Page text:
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Symbiotic bacteria control intestinal infection by directing lysozyme sorting in Paneth cells
▸ Zhang Q, Pan Y, Yan R, et al. Commensal bacteria direct selective cargo sorting to promote symbiosis. Nat Immunol 2016;16:918–26.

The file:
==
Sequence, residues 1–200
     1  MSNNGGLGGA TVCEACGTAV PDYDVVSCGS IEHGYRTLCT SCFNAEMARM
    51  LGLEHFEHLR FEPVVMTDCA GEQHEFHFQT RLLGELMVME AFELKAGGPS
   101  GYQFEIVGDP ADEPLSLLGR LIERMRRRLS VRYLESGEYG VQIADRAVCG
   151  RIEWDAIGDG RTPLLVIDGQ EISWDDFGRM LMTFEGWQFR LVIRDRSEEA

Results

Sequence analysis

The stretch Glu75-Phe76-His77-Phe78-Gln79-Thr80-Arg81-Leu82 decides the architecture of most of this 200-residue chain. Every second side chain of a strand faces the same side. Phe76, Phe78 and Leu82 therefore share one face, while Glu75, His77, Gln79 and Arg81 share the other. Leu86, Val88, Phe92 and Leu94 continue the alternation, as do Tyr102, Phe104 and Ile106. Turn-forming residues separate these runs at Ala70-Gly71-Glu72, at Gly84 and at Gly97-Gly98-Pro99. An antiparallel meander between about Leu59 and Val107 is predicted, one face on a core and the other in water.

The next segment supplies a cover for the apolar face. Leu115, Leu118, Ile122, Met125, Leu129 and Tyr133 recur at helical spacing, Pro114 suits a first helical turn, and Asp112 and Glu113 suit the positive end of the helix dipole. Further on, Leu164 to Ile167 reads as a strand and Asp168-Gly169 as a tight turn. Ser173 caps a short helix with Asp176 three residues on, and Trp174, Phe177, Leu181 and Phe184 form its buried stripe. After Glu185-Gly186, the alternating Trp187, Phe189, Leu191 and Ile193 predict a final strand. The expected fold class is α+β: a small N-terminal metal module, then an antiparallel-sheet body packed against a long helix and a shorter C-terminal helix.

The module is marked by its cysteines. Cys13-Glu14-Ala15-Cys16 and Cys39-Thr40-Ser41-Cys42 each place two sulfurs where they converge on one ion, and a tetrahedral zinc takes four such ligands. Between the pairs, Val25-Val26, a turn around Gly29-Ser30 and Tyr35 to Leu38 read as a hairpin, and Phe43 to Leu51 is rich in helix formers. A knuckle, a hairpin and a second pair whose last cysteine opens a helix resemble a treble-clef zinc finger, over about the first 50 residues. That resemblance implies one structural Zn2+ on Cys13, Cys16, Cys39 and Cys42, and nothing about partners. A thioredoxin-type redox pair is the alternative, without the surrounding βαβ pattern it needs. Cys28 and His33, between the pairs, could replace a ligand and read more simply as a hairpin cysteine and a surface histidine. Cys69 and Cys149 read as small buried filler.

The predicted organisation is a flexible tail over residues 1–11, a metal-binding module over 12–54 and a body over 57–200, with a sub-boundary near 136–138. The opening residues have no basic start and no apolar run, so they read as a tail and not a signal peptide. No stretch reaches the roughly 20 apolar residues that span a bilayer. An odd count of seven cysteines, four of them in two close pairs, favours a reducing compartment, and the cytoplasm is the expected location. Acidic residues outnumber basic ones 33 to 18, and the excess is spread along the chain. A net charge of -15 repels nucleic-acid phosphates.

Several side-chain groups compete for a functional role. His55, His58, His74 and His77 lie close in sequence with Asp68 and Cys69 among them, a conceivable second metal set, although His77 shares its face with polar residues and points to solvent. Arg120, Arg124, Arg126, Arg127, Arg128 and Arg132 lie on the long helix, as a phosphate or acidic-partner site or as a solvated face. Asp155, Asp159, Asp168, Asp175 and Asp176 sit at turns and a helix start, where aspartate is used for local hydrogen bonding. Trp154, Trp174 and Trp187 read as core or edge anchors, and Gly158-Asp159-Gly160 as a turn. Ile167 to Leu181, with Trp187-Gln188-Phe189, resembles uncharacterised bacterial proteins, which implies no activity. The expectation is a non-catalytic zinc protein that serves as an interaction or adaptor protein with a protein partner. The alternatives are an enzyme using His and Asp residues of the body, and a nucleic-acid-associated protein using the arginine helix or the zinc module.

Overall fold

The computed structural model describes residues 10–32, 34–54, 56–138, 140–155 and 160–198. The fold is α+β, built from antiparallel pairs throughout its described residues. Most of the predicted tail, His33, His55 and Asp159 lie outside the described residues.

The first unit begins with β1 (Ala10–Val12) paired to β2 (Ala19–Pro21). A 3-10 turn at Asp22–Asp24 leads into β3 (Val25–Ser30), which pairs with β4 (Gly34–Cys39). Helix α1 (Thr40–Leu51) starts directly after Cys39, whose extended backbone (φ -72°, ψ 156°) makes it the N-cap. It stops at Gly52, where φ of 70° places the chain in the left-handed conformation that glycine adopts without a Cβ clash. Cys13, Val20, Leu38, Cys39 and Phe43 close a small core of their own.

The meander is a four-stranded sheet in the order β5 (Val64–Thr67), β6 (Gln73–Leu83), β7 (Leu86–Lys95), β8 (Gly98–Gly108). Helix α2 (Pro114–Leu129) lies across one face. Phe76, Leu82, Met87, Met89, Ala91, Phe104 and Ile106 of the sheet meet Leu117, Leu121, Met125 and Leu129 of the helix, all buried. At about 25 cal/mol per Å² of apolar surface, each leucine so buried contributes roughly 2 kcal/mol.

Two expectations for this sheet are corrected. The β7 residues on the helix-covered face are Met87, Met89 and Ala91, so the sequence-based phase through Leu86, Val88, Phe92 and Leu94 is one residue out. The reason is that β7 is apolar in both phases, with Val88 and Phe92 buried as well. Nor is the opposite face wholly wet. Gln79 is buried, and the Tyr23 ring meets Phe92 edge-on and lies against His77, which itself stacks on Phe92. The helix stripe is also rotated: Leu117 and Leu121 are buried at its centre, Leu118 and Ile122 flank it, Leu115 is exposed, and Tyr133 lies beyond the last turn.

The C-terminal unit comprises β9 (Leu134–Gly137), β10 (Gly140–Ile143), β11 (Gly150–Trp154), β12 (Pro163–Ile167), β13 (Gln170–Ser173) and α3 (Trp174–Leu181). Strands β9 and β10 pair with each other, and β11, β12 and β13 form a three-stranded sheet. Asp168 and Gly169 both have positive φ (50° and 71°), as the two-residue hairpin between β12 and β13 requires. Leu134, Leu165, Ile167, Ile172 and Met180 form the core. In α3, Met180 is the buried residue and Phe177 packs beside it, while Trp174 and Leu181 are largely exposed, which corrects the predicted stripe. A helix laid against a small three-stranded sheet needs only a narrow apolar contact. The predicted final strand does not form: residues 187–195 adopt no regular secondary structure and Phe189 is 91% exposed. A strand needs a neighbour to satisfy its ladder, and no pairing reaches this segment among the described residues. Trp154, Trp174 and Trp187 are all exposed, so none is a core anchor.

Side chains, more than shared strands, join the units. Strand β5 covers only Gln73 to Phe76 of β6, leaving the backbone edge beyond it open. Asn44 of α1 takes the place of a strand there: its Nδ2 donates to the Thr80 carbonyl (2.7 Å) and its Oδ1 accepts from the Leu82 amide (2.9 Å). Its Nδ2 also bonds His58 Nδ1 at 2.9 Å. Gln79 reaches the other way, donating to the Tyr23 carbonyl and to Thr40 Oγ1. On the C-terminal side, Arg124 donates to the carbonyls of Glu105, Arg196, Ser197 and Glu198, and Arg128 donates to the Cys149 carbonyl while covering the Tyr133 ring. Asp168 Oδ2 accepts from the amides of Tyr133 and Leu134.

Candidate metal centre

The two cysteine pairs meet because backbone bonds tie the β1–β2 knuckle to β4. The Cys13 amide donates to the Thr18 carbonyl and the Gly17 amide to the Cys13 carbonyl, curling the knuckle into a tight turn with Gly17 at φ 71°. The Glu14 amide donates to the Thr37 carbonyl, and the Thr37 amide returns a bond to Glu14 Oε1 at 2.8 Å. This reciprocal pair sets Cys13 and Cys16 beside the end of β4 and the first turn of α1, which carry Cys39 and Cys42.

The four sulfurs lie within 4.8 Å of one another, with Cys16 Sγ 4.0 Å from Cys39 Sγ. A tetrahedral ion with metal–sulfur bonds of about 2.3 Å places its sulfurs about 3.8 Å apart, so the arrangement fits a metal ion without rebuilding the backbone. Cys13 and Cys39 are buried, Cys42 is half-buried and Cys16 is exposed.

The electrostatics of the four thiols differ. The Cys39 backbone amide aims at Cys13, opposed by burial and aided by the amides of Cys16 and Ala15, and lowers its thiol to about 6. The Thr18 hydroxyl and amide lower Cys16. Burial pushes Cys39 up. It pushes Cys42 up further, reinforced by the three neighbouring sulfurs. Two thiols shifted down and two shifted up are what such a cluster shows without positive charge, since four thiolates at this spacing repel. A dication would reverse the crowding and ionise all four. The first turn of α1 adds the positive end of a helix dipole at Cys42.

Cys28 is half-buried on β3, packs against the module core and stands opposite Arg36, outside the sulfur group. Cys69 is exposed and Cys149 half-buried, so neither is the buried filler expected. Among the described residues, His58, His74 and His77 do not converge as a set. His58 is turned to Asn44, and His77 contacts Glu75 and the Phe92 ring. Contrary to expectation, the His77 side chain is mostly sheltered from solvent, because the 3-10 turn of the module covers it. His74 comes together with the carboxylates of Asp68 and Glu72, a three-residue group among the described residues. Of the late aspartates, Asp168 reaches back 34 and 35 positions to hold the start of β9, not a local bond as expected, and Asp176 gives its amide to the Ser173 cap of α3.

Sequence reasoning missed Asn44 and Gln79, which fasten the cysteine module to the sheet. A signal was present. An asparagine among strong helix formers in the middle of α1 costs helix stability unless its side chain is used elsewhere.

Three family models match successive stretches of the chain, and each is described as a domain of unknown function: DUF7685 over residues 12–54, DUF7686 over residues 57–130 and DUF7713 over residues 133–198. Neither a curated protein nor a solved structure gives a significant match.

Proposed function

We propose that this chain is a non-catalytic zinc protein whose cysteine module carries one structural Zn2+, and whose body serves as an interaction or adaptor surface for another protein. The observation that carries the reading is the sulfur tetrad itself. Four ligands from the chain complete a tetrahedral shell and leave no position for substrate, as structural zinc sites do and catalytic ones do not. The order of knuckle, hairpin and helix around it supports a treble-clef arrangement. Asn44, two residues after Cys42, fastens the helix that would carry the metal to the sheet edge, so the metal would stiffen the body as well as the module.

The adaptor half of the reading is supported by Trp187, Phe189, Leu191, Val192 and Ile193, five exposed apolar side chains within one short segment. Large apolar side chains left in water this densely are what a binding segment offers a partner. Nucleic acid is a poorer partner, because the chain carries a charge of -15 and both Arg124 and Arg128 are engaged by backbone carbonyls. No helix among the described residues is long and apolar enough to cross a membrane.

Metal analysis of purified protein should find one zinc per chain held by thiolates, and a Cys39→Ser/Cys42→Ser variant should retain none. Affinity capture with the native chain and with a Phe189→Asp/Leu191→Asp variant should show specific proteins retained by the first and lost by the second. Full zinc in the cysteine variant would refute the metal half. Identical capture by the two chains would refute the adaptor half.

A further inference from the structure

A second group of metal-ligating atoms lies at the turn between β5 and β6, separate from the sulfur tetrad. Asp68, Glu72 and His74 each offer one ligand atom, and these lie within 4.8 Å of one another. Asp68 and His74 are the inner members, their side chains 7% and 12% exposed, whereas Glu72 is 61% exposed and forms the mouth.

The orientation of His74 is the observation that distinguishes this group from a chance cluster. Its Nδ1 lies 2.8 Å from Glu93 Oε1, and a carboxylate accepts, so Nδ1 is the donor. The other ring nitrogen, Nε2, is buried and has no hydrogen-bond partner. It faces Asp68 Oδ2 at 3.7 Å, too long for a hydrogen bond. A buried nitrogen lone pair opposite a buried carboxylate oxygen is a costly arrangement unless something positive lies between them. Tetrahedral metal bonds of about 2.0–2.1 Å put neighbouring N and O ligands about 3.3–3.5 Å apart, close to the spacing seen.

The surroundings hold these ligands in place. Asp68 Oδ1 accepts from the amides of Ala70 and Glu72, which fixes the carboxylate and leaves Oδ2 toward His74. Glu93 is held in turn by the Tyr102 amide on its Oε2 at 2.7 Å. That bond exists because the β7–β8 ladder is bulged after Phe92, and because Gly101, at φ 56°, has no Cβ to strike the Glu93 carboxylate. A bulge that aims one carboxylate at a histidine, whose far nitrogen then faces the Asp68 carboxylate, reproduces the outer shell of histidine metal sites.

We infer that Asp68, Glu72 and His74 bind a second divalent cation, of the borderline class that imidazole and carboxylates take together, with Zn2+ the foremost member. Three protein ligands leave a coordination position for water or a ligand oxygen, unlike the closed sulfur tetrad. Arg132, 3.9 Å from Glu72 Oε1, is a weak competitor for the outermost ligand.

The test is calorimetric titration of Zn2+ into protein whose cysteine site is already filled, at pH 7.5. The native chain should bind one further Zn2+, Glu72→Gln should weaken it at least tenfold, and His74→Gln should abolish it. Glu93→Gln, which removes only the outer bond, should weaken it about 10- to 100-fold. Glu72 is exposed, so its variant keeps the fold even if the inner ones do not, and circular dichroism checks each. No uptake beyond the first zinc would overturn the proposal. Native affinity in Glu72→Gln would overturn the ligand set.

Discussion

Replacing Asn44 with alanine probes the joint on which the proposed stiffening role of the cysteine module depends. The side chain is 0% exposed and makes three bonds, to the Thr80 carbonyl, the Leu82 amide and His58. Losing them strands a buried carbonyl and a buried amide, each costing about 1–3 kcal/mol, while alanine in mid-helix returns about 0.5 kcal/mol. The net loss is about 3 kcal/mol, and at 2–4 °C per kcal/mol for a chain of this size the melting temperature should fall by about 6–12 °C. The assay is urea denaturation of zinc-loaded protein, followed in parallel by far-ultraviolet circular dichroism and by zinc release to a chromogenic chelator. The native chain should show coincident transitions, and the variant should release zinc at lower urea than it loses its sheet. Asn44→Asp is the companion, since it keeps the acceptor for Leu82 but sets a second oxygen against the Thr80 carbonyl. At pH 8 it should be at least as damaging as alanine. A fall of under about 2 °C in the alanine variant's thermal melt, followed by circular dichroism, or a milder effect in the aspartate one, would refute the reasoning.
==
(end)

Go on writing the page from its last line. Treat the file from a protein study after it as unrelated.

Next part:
The symbiotic interaction between the mucosal immune system and intestinal microbiota is critical for intestinal homeostasis. When this homeostasis is disrupted, IBD arises. Mutations in NOD2 and LRRK2 have been associated with Crohn's disease (CD). Paneth cells, secretory cells located at the bottom of small intestinal crypts, are responsible for maintaining the epithelial barrier by secreting antimicrobial proteins (AMPs) into the intestinal lumen. Within Paneth cells, the various AMPs are sorted after synthesis into specialised secretory granules called dense core vesicles (DCVs). Many studies have indicated a role for Paneth cells in intestinal disease; however, the underlying mechanisms are unknown. In this study, Zhang and colleagues investigate how LRRK2 and Nod2 may act within the same pathway to regulate Paneth cell function. The authors discovered that symbiotic bacteria direct a DCV cargo-sorting process to promote symbiosis. High LRRK2 expression was found in Paneth cells, and LRRK2 deficiency caused decreased lysozyme in Paneth cells, which made Lrrk2−/− mice more susceptible to intestinal, but not systemic, Listeria monocytogenes infection. The lysozyme defect in Lrrk2−/− Paneth cells was a result of failed recruitment of Rab2a, a small GTPase, onto the DCV surface. Also, the presence of luminal biota was required for DCV sorting of lysozyme. In germ-free mice, lysozyme was targeted for lysosomal degradation rather than secretion in Paneth cells. The authors also found that Nod2 was responsible for sensing commensal bacteria to direct lysozyme sorting in Paneth cells. Altogether, the data demonstrate that commensal bacteria direct lysozyme sorting in Paneth cells through a Nod2-LRRK2-Rab2a axis, which is critical for controlling intestinal infection. Additional studies are required to understand the role of these CD-associated proteins in Paneth cell function, how …
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